File picture: Claudio Furlan/LaPresse via AP
File picture: Claudio Furlan/LaPresse via AP

Tunisia shows how we should be innovating

By Opinion Time of article published Jul 26, 2020

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Victor Kgomoeswana

Even while battling political turmoil within the ruling coalition, Tunisia has come out tops in its adaptability to the Covid-19 outbreak.

British research publishing firm, the Oxford Business Group (OBG), gave the country a lot of credit in its report, “Tunisia Covid-19 Response Report”, conducted in collaboration with the Foreign Investment Promotion Agency.

It should make several countries, particularly African, double their efforts to build and implement a fit-for-purpose technology and innovation policy framework.

OBG tracks Covid-19’s economic impact on countries across Africa, the Middle East, Asia and Latin America. It studies what actions governments and private businesses are taking to minimise the damage.

The report on the north African country quotes stats from the National Institute of Statistics, which show that exports fell 23.8% in the first five months of the year due to a wholesale drop in exports.

However, the OBG report identifies Tunisia’s vibrant start-up activity since the passing of the Start-up Act of April 2018, labelling it the “centrepiece of the Tunisia Digital 2020 strategy, which comprises 64 predominantly public-private partnerships that aim to develop technological infrastructure and boost socio-economic development”.

Since the Act came into effect in January last year, 169 companies have registered as start-ups. These are no ordinary start-ups; and Tunisia is no ordinary country. Before the Act, it was a leader in the creation of an enabling information and communications technology (ICT), raising its internet penetration from 13% (2006) to 66% last year, according to Compare that to South Africa’s 55% and Kenya’s 87%, and it is clear why OBG expects the Tunisian economy to recover faster from Covid-19 than others.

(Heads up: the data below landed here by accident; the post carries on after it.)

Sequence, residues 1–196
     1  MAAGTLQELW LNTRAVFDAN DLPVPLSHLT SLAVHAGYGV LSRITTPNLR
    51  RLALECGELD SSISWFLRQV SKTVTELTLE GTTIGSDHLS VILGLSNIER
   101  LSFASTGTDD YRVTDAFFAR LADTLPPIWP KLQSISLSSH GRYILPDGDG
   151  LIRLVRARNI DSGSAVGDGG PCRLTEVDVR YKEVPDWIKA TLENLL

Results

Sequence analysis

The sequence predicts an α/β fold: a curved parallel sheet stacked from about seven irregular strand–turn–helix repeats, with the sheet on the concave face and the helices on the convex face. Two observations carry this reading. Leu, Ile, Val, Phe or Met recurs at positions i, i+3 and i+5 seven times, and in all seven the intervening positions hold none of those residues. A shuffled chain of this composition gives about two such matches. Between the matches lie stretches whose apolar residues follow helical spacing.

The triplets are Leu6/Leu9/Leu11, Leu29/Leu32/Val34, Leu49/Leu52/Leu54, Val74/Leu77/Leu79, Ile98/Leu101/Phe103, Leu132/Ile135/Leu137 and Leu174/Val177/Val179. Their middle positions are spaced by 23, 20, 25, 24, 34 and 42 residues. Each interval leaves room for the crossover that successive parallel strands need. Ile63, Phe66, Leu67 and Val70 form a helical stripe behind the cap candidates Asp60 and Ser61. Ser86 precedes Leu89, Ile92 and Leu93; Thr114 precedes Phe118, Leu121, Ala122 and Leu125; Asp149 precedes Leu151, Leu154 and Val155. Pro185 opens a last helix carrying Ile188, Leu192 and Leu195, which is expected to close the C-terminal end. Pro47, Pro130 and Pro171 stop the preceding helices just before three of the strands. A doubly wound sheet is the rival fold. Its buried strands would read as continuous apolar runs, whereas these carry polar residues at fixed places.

Investing in ICT means better schools, health-care institutions and other social service agencies to deliver solutions to the majority for less.

In South Africa, President Cyril Ramaphosa announced the closure of public schools for four weeks. Kenya closed them for the year. Come next year, school children in Kenyan could be ahead of their South African counterparts, because online learning is more accessible and cheaper for them.

Tunisia, OBG says, “demonstrated exceptional digital abilities, (and) many of its African peers have identified Tunisia as a cradle of innovation during the crisis”.

The report singles out start-up Enova Robotics. Its robot, Veasense, has been deployed safely to help Covid-19 patients, conducting preliminary diagnoses and monitoring patients without physical contact. Another innovative acquisition by the government of Tunisia is Enova Robotics; P-Guard, a robotic ground vehicle enforcing the lockdown rules by remote control.

How about Corona Bot, a digital app that gives information and support for people via the Facebook channel! Instead of using Facebook to spread fake news and sow panic, Tunisians are putting it to good use.

These are not costly or complicated solutions. They simply require focus, forward thinking and adaptability. Once again, South Africa can learn a great deal from fellow African countries. It is never too late.

* Victor Kgomoeswana is author of Africa is Open for Business, media commentator and public speaker on African business affairs.

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